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MORRISTOWN, NJ-Mayor Donald Cresitello has unveiled formal plans for the Speedwell Avenue Redevelopment, carrying an estimated price tag of $200 million. The city council–in its dual role as the redevelopment agency–was slated to vote this week on a redevelopment agreement with Atlanta-based Trammell Crow Residential to set the project in motion, but a failure to generate a quorum because of the holiday week has put that vote off to Dec. 4.

“I do expect the vote to pass, because the Speedwell Avenue Redevelopment has been in the works for more than seven years,” Cresitello says, in a statement. “If we have to wait another week [to vote], it won’t make a big difference.”

The latest site plan is a slightly scaled back version of an earlier proposal, both designed by the locally based NK Architects. The previous version called for 800 housing units and 75,000 square feet of retail space on 12 acres along Speedwell Ave.; Early and Spring streets; and Clinton Place in this city’s downtown. The new plan–covered in the proposed redeveloper agreement with TCR–calls for 650 residences, 35,000 square feet of street-level retail and office space and 822 parking spaces on a site reduced by about one-third.

Of the residences, the proposed agreement calls for 131 of them, or about 20%, classified as “affordable.” Another 25% would be market-rate condos and the remaining units as rental apartments. The project also calls for major roadwork involving the realignment of Speedwell Avenue and Early Street.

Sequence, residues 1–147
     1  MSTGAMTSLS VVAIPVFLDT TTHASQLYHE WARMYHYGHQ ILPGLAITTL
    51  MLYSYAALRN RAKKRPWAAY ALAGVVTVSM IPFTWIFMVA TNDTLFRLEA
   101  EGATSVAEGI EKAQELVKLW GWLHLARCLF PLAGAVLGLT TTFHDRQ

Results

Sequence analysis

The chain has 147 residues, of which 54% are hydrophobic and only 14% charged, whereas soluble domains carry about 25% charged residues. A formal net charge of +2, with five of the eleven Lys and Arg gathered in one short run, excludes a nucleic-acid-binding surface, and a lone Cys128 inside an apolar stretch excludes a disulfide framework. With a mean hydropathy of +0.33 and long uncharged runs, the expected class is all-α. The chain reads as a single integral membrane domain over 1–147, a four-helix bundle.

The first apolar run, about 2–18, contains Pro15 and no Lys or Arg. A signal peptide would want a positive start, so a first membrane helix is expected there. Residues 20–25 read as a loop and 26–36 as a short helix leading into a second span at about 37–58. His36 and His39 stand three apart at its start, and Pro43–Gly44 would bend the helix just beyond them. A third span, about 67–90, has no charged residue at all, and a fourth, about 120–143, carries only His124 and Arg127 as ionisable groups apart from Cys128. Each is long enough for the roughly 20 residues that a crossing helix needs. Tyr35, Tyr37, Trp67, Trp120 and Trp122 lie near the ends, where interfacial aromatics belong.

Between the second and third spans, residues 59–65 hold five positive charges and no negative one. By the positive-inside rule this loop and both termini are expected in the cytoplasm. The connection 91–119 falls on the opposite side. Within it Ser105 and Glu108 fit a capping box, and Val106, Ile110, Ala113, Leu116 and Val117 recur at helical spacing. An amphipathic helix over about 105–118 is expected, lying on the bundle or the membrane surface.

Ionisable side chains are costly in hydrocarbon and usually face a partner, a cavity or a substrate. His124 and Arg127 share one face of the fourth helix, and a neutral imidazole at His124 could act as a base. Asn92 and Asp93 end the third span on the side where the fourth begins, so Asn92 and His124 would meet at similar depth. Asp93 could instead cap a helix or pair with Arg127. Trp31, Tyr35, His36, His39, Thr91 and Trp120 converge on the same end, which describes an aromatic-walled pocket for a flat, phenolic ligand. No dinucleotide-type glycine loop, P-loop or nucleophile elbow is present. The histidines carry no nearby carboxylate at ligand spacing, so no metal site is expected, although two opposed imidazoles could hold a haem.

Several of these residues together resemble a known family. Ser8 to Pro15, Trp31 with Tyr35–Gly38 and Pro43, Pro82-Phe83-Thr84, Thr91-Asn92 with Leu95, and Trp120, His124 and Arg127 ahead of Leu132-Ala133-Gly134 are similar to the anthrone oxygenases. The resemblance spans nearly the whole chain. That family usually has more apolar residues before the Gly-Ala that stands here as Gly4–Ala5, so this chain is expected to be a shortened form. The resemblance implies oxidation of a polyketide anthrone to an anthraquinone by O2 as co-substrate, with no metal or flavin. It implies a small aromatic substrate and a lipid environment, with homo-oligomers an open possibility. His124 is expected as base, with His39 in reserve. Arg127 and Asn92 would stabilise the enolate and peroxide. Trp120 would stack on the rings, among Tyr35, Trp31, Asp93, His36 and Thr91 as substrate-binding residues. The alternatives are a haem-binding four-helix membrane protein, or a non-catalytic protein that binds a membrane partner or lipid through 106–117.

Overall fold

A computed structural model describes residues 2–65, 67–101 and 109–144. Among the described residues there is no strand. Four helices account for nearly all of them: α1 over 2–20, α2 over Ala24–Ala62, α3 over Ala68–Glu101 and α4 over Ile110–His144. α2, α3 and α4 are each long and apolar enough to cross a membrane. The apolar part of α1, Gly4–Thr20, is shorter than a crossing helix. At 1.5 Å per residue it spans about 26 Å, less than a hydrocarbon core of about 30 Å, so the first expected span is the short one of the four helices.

A four-year build-out in three phases is projected. Phase one would include 300 market-rate residences, 75 affordable units and 15,000 square feet of retail. Phase two would add another 188 residences, and phase three wrap things up with 88 residences and the remaining 20,000 square feet of commercial space.

The project would create “a vibrant, mixed-use neighborhood,” reads the proposed redeveloper agreement. “The object is to use smart growth planning principles [as a means] to create an attractive and sustainable neighborhood.”

As part of the plan, TCR would pay $7 million for a portion of the site that’s owned by the city’s public works department, whose facilities would have to be relocated. An additional tract owned by the Morristown Parking Authority would similarly need to be acquired, as would several privately owned lots.

Eminent domain could be in play for those properties, according to the redevelopment agreement. Finally, city officials say they might issue upwards of $8 million in bonds to pay for improvements to the site itself.

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